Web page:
is gone, so i say that, you know, we've -- it's very devastating in our whole community and it's very wide. i know there's other communities. i try to listen to some news to see how other communities are doing, but right now, it doesn't feel like i can look past what's at hand for us, you know. >> it will be a difficult process of building back and we want to help in whatever way we can, so please keep us posted and keep the lines of communication open. if there's some message that we can get throughout to help the folks in mayfield in grave county, jesse perry, thank you so much for the time this morning. we appreciate it. >> thank you. okay. president biden has spoken with the governors of the states affected by this weekend's
tornados and according to the white house he has directed federal resources to the locations where there is the greatest need. an emergency declaration has been approved for the commonwealth of kentucky. the president says he does plan to travel to the region to survey the damage when the circumstances allow. let's go to kevin liptack live in delaware this morning. good morning to you, kevin. talk us through the white house's plans to help these communities hit by the storms. >> yeah, good morning, amara. this is really a test of competence for any president and president biden as well. right now his focus is really on ensure every federal dollar, every federal resources that these states might need gets there quickly and isn't held up by any kind of bureaucratic red tape. as you said the president spoke to the governors of five of these states that were affected, including governor of kentucky
at least three times yesterday. the president told them the federal government is stand big to provide them any resources they need. the other thing he said, he asked his officials to proactively tell these states what they're entitled to, what resources are available to them as they confront this rescue mission, cleanup mission going forward. today the federal government's delegations are starting to arrive on the ground there. the director of fema is traveling with the secretary of homeland security to kentucky to start surveying the damage. federal teams have already hit the ground. resources also hitting the ground, things like water. one of the things the president said he was particularly focused on was ensure there's enough housing for people who have lost their homes. the president did say yesterday that he wanted to keep politics out of this. listen to a little of what he had to say. >> this is one of those times when we aren't democrats or republicans, sounds like hyperbole, but it's real.
we're all americans. we stand together as the united states of america. i promise you, whatever is needed, whatever is needed, the federal government is going to find a way to supply it. >> reporter: so the president really in the crisis manager moded at the moment, but he did talk about skl at some point mo into an investigative set of standards, looking at whether there was enough warning for these people, looking at whether climate change may have affected this, and then, of course, he will move into the consoler in chief mode. yesterday he said my heart aches for the people who are affected by these storms. >> yeah. a lot of people's hearts aches watching these stories and seeing these images. appreciate that. we know many of you want to do something to help the victims this was tragedy. the cnn impact your world site has verifieded ways to do that and will be updated as more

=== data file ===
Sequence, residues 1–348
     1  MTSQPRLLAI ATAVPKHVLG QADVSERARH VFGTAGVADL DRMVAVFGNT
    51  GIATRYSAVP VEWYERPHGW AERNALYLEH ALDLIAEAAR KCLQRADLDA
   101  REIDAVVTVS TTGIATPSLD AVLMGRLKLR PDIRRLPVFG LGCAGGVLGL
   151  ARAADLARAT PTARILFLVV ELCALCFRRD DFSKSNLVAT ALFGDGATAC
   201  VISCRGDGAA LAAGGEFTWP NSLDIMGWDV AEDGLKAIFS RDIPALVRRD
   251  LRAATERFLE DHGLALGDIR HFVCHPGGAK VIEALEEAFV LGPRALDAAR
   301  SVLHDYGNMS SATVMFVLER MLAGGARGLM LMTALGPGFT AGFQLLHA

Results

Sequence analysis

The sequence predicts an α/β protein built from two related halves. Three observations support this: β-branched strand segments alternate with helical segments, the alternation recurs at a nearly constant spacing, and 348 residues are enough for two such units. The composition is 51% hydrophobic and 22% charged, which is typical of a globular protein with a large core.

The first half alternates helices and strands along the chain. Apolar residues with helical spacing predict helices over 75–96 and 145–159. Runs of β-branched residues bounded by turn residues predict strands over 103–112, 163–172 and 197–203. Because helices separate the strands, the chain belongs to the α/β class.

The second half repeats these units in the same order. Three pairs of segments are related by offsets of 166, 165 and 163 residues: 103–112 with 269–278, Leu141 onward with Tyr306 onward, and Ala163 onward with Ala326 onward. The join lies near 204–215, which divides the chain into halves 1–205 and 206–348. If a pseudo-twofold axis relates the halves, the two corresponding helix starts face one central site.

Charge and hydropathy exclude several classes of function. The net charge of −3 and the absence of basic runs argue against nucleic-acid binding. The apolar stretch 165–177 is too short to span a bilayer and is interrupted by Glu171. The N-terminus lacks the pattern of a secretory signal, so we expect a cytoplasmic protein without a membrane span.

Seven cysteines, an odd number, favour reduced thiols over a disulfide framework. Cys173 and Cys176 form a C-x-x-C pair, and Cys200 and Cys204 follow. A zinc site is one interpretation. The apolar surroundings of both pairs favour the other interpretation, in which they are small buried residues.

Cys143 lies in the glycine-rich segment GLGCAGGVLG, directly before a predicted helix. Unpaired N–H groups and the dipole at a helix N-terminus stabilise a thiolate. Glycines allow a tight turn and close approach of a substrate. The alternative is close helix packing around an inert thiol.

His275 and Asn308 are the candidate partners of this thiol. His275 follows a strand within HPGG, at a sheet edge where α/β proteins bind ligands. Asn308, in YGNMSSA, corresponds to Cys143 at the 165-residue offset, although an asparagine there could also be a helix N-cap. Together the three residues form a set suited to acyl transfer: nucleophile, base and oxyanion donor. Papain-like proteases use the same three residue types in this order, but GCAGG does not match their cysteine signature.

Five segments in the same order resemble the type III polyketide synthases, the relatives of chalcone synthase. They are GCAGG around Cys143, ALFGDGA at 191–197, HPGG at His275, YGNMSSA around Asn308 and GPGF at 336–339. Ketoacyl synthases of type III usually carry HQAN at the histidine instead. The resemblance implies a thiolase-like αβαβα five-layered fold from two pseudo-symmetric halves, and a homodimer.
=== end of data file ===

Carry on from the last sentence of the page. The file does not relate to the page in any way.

become available. visit cnn.com/impact to learn more about how you can help the victims of these storms. kentucky wasn't the only state to feel the impact of the deadly tornadoes. we'll take you to some of the other places as search and recovery and rescue efforts continue this morning. next, more stories from kentucky as residents deal with the aftermath and immense loss in their own community. with alka seltzer plus. with 25% more concentrated power. alka-seltzer plus. ♪ oh, what a relief it is ♪ so fast! also try for cough, mucus & congestion. ♪ this holiday, let them shine like never before. ♪ this is how we shine. ♪ fi the perfect gift at zales. e diamond store. it's the most joyous timef the year. especially at t-mobile! let's go tdianne. can you tell us what's happening?
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where more than 100 people were working. 40 have been rescued. in illinois six people died in the collapse of an amazon warehouse. emergency officials in tennessee are now reporting four deaths there. aerial footage shows a house with the roof just ripped off and trees uprooted. the massive storm system spauped as many as 30 tornadoes across six states. ground zero, as many officials have described it, remains in tennessee, the town of mayfield and nearby areas. we want to bring in cnn political commentator scott jennings, his father jeff jennings with us on the phone. jeff actually lost his home in the nearby town of dawson springs, a tornado that hit that area, and jeff, it's a pleasure to meet you. it's unfortunate it's under these circumstances. i would like to start with you, if you could just walk us through what you experienced